Sunday, January 15, 2006

drug interactions

A drug interaction is defined as the effect of one drug altering the known effects of another drug. Interactions can occur between different drugs, between drugs and laboratory tests, and between drugs and food consumption. The elderly are affected by drug interactions because they often take many different drugs at one time. Drug-drug reactions may occur by changes in the absorption, distribution, metabolism, or excretion of medications. Drugs may interfere with clinical laboratory test procedures by physical or chemical means. The color of body fluids can be 78 drug reactions, adverse altered, for example, by riboflavin. False positive readings can be obtained by ascorbic acid or nalidixic acid when urine glucose levels are determined by copper-reduction methods.
Ingestion of food with drugs may alter both the extent and the rate of drug absorption. Food changes the amount of secretion of gastric acid, digestive enzymes, and bile, thus altering the rate of absorption. Drug metabolism can be affected by charcoal broiled foods, for example. Urinary pH can alter the effects of a drug. Acidic drugs are excreted more rapidly in a basic urine and more slowly in an acid urine. Conversely, the excretion of basic drugs is enhanced in an acid urine and delayed in a basic urine.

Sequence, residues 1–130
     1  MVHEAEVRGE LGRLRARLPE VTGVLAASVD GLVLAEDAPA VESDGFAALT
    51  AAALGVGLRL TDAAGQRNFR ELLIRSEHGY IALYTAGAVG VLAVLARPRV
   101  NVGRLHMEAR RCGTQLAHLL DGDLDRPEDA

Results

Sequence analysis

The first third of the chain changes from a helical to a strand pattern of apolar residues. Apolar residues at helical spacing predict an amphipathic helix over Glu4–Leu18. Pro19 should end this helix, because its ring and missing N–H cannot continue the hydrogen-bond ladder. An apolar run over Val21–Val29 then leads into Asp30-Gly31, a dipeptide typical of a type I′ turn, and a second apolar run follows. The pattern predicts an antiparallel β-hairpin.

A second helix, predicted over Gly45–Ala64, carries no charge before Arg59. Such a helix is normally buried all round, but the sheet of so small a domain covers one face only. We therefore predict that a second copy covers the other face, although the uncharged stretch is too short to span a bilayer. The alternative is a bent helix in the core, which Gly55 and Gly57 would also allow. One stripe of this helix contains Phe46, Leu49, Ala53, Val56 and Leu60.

See also DRUG REACTIONS, ADVERSE.
Covington, T., and Walker J. Current Geriatric Therapy. Philadelphia: W. B. Saunders, 1984.

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